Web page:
Driving home a week later and I noticed that the small town of Ulmarra had also seen severe winds. To the east of town many casuarina trees lining the Clarence River had been uprooted.
9am Sunday morning was a typical summer day, with the feeling that it was going to be another very hot and humid one as it had been for the past two weeks. We decided to stay at home and watch the surf carnival on TV. 11.30am was the first hint of a potential storm brewing to the southwest of Grafton - thunder.
Midday brought grey skies with a very large black roll cloud approaching. I watched it for some time and it seemed to be dissipating and it looked like any other normal summer thunderstorm. Boy were we wrong in the greatest way! 12.30pm and 36 degrees: the grey sky closed in so rapidly in the next 10 minutes it caught everyone by surprise, the thunder had stopped and there was a kind of brief calm, and it looked like yet another storm had fizzed out over us. Then, all hell broke loose! The wind at first was brief then came the rain. There was just enough time to close windows and doors if one had been watching the storm. The wind picked up again, followed by what seemed to be an enormous white cloud approaching that appeared to consume everything in it's path. We soon discovered it to be a blast of marble sized hail that continued for the duration of the event. The wind became stronger and as I glanced at the wind speed indicator, I was horrified to see it cease to operate at 206 km/h! Some flying object took off the arm completely, and the temperature had plummeted to 21 degrees. By this time the whole house was literally shaking - ours being a brick and tile structure - still did not console the utter fear of the terrific noise of literally tons of marble sized hail travelling at that speed for a total of 16 minutes just seemed like an eternity.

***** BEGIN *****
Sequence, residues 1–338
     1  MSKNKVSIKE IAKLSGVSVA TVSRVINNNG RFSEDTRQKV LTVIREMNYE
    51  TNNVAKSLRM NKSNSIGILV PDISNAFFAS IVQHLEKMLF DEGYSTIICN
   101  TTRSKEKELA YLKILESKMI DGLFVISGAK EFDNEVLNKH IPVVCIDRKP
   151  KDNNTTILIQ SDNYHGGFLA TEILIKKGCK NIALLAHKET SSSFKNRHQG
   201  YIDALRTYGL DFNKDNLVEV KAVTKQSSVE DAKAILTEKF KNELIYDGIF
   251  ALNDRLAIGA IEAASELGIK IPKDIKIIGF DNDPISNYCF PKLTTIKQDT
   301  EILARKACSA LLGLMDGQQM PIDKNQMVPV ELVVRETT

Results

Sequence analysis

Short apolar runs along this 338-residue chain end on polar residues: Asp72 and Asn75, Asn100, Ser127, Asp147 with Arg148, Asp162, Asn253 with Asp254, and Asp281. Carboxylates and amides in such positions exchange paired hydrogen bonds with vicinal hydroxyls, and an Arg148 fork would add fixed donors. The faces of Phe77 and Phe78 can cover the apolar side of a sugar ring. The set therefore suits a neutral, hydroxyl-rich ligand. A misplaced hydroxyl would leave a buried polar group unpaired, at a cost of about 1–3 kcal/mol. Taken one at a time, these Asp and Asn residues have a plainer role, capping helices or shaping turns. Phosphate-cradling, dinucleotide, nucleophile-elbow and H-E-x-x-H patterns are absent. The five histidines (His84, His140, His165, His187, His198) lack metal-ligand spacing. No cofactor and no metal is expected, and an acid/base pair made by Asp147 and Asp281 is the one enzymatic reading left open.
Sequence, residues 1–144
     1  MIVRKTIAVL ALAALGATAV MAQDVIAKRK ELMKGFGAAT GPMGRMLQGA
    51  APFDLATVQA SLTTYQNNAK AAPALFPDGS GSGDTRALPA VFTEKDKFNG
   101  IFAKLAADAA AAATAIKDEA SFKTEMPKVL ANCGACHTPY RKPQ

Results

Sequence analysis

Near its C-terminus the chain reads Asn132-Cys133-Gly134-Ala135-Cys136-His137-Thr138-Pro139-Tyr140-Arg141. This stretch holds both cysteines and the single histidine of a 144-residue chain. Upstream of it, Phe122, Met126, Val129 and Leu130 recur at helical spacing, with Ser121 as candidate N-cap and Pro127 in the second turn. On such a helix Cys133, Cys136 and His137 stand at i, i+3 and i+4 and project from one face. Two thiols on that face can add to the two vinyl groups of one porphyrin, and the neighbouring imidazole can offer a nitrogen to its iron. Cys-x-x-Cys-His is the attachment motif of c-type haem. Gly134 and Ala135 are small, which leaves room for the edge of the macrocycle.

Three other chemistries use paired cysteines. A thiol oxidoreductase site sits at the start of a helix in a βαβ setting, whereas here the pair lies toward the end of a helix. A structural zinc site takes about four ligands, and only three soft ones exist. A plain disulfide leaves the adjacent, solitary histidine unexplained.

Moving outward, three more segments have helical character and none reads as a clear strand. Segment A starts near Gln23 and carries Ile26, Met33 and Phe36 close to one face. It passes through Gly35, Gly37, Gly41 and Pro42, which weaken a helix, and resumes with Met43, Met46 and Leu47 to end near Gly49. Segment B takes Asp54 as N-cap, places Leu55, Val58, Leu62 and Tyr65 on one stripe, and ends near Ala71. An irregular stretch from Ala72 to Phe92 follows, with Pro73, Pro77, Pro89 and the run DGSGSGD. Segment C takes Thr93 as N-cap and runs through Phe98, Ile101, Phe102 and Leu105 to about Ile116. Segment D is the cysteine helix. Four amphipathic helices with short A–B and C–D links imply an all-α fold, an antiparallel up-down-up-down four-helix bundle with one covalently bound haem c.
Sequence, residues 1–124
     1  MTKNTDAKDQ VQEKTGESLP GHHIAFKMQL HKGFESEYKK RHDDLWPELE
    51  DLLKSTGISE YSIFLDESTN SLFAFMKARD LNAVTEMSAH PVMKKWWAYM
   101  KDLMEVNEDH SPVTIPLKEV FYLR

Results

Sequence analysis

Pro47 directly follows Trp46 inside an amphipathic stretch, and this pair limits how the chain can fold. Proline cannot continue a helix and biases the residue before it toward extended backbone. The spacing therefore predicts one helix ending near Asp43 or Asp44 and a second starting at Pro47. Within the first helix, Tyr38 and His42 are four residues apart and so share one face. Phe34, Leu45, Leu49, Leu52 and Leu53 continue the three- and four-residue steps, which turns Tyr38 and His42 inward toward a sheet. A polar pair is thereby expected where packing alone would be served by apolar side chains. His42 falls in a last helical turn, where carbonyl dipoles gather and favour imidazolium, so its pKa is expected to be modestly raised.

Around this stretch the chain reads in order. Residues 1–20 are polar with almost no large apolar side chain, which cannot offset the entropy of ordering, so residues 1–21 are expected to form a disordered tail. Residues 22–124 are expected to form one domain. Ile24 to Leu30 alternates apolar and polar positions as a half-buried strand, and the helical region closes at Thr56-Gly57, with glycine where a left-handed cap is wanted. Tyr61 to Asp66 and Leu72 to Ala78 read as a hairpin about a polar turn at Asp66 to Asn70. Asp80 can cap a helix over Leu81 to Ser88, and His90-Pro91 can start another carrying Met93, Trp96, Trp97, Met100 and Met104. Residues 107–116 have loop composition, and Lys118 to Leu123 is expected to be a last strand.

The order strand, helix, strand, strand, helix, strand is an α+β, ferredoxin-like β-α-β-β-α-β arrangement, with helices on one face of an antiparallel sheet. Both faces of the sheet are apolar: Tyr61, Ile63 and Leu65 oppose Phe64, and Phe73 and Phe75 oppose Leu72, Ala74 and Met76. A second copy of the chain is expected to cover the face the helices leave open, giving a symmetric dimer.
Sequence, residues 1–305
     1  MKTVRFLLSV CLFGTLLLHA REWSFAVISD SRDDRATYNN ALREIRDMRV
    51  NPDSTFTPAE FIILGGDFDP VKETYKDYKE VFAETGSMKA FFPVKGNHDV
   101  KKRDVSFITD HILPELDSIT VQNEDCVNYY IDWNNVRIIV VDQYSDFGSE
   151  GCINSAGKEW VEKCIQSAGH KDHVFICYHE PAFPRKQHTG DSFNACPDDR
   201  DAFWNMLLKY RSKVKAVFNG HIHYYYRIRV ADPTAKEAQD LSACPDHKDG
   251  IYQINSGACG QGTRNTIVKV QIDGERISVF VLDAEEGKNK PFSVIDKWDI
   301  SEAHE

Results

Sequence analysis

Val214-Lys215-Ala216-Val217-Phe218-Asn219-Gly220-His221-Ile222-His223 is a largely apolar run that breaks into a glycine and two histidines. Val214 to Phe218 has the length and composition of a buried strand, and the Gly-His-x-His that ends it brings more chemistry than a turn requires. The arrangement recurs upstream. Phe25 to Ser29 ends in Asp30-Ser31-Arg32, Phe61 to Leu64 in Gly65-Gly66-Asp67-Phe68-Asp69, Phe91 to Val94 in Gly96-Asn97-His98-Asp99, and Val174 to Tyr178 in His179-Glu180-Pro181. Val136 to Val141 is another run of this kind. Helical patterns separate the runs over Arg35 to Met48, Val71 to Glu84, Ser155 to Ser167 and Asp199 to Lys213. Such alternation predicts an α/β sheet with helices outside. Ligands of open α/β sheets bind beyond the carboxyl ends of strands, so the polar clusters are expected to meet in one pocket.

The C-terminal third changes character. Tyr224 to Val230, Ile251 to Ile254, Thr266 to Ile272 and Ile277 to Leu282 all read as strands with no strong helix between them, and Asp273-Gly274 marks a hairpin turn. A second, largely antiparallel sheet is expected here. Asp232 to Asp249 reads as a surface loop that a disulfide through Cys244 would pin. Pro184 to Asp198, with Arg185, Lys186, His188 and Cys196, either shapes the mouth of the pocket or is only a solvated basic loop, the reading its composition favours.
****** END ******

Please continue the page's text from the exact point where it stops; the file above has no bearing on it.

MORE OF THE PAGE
The chilling crash of our armour plate glass windows was the first evidence that the storm was starting to tear the place apart. As I looked out toward the garage I saw the rola-doors being torn from their tracks. The neighbours roof tiles were being worked like a giant bellows waving up and down at will, cascading cement and tiles crashing against the back fences until the fence could not stand the pressure any more, and was eventually lifted out of the ground and flattened. At the stage where anything would and could have happened, a sudden quiet descended upon us. As quickly as it came, it went, within ten minutes the sun was shining as if nothing had happened. It was then that we like hundreds of other home owners came out cautiously to survey the things that remained. We as all others were thankful that only one person was injured.
This event was observed at the Brisbane Bureau of Meteorology, some 280 km north of Junction Hill. We were advised that this was a downburst of cold air and ice that descended from a height that was recorded at more than 21km. It also had some tornado like tendencies in the way that it screwed trees off some twenty feet from ground level, in a random pattern through a poplar plantation.
Some observations after the event:
- two 3.75m aluminium boats vanished without a trace
- small fish native to the river deposited in backyard swimming pools
- 18 foot caravan blown 200m up hill and completed demolished
- roofs tiles imbedded in tree trunk 300mm
- hundred of birds killed
- 300mm of hail all over the lawns which was still there on the following Tuesday
- 4mm deep dints in housing facere boards
- 70 foot power poles containing only three wires leaning at 45 degrees
- 500 gallon water tanks which were half full, moved 70 metres
- half inch galvanised pipe fence posts bent 45 degrees
- 90% of Egret colony wiped out
There were many hundreds of such stories that have been recorded as a result of this event, which lasted 50 minutes and covered an area half a kilometre wide and 60 kilometres long. An experience that I don't wish to ever have again.
These images obtained from the Bureau of Meteorology
Updated: 6th May, 2005